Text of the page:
I wanted to write an extended article on the history of Boat Jock’s which is now extensively researched here with several days work. This has proved to be one of the most interesting things i’ve had the pleasure of looking at and will feature in forthcoming books.
In 1667, a new area in Blantyre was created called “Boatland”. Situated on the West Bank of the River Clyde, it’s purpose was to create a reliable Western River Crossing for Blantyre, the nearest one being a couple of miles upstream at Bothwell Bridge. Boatland was situated just up from the old ruined Priory.
A building was constructed made of stone with a thatched roof and named “Boatland”, for the simple reason that it was the land where the boat was to be. The stone lintol above the door was marked 1667 and we can make a firm assumption that with the construction of this small cottage, the ferry service also commenced. “Boatland” was not only the name of the ferryman’s cottage, but was also the name of the area, an extension of, and owned by nearby Blantyreferme. Boatland was accessed on land by a small stone pebble path leading from Blantyreferme, down to the cottage itself. A small wooden boat was used to transfer people from the Blantyre side of the River Clyde to the Uddingston side, a crossing only taking a couple of minutes. The topography of the land assisted with the crossing points, as it gently sloped down to the rivers edge at this location. It is unknown who the original ferryman was or indeed who occupied Boatland cottage.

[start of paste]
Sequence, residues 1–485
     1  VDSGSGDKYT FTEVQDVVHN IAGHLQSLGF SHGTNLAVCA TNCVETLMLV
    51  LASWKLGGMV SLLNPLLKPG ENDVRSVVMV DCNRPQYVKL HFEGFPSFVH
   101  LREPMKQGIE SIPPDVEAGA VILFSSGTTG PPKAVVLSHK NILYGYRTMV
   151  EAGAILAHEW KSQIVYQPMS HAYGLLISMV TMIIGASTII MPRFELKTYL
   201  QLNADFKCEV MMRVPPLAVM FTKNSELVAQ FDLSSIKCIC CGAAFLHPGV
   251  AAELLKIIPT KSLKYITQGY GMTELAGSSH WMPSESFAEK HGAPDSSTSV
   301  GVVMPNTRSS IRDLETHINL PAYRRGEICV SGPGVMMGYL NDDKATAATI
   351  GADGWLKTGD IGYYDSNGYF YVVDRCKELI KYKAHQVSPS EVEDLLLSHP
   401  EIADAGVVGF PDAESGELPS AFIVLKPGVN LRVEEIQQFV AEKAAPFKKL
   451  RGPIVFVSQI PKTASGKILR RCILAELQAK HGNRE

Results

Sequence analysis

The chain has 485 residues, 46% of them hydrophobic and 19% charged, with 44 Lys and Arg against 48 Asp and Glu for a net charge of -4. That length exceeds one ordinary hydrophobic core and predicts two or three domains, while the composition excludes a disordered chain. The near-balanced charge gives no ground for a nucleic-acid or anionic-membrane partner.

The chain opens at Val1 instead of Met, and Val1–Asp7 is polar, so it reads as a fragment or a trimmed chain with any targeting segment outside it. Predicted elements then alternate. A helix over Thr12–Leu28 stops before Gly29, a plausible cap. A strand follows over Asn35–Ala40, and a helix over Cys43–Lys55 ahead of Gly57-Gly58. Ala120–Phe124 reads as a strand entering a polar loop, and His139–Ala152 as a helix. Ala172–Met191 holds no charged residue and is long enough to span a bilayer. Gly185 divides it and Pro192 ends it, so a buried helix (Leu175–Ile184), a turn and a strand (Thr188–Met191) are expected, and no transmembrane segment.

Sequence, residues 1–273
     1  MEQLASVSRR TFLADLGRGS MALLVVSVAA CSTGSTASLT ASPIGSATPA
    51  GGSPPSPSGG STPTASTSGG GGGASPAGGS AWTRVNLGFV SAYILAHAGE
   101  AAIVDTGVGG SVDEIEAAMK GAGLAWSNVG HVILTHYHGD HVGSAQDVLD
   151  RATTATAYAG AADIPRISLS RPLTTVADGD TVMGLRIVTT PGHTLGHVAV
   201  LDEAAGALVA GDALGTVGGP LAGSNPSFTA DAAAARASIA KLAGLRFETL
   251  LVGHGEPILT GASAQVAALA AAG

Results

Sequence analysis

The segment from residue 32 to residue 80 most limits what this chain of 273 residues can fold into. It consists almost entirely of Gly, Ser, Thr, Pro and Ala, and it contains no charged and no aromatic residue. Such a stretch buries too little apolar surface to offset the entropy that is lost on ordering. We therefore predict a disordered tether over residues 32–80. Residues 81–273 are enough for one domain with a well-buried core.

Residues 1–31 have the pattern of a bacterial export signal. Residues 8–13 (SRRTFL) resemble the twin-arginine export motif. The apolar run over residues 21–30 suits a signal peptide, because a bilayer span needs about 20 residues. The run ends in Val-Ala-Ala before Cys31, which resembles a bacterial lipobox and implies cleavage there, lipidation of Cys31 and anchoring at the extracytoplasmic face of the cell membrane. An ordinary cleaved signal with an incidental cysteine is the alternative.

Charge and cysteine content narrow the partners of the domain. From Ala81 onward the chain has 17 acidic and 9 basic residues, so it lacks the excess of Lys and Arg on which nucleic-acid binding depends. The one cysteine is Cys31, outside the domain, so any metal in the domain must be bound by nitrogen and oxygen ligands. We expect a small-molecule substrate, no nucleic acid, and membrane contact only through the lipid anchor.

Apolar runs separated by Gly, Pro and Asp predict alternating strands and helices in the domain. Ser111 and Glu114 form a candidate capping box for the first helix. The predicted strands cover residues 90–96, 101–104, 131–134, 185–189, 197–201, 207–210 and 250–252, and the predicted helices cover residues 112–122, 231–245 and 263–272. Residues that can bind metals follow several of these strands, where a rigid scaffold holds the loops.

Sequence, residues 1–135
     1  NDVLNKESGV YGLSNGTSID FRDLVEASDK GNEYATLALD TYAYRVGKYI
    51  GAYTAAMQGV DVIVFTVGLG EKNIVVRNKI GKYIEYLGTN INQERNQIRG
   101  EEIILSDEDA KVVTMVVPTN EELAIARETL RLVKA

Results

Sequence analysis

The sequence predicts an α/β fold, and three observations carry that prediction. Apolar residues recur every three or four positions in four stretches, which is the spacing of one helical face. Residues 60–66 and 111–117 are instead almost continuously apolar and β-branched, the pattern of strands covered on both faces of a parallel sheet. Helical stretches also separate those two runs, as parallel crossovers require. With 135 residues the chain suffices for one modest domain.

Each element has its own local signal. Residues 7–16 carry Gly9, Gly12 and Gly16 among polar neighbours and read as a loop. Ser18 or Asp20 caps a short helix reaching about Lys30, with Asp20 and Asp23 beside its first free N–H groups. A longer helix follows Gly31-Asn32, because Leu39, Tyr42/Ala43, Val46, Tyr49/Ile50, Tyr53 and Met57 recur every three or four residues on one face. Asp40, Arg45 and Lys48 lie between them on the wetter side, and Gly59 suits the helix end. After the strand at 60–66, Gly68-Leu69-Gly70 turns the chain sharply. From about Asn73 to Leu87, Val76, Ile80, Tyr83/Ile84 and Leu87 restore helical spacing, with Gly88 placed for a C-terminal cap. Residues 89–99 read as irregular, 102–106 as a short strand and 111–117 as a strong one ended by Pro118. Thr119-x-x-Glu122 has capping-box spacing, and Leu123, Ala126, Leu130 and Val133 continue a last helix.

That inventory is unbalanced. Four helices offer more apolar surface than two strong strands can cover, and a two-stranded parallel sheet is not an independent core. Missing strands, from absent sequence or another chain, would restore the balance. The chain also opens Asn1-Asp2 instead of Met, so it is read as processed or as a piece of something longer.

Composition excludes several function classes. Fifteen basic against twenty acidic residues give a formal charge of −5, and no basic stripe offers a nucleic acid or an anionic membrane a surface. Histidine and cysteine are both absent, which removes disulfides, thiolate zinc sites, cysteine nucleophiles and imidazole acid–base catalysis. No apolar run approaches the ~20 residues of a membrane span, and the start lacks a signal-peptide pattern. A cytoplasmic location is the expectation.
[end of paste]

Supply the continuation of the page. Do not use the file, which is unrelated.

In 2014, i was emailed by reader Isabel Hamilton who told me, “My 5x Gt. Grandfather, Robert Nairn, b1762 in Stewarton, Ayrshire was a ferryman on the ferry between Blantyre and Bothwell. That must have been in the early 1800s.” I was able to track this family on Ancestry and saw that they came to Blantyre around the 1810’s, and this would fit well into the story with Robert Nairn then being the ferryman. John Forrester was a labourer at Boathouse until his death in 1807.
The ruin left, a new cottage built
By the 1820’s, Boatland Cottage had fallen into disrepair. A new, larger stone cottage called “Boathouse Cottage” was built and it was this building that later became commonly referred to in Blantyre as “Boat Jocks”.
The 1851 Census shows that the Crawford family were living there at the time with Alexander Crawford being the ferryman. Later that decade, it is known that in 1859 (from the valuation roll) that the building at that time was owned by Mr P. Scott, but that the proprietor who was renting the property (and possibly the ferrywoman!) was Ellen Martin, a woman living by herself. The stone cottage was rectangular in shape and three times as large as the original, which by this point was ruined. Boathouse Cottage was also thatched. The old lintol was salvaged and used above the doorway in the new cottage, to preserve the history, for the ferry had been operating, even by 1859 for nearly two hundred years!